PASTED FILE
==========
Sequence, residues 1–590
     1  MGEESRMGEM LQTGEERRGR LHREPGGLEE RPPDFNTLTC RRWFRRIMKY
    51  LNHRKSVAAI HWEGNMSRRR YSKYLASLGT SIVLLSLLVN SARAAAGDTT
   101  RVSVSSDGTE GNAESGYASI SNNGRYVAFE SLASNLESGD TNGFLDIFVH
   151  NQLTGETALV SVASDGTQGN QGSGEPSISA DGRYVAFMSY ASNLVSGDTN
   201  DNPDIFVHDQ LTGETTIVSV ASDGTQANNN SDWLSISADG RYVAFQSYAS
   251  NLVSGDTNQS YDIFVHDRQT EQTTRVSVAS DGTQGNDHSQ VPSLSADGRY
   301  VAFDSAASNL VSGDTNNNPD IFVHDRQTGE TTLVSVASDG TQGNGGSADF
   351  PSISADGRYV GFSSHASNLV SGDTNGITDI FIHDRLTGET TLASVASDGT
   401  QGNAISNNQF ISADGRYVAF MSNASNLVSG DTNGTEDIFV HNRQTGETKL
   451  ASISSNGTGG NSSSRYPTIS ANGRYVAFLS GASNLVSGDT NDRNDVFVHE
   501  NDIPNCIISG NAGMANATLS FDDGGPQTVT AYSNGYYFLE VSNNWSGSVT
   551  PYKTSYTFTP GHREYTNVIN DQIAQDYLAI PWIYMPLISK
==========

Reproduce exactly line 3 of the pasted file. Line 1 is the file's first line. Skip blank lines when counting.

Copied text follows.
    51  LNHRKSVAAI HWEGNMSRRR YSKYLASLGT SIVLLSLLVN SARAAAGDTT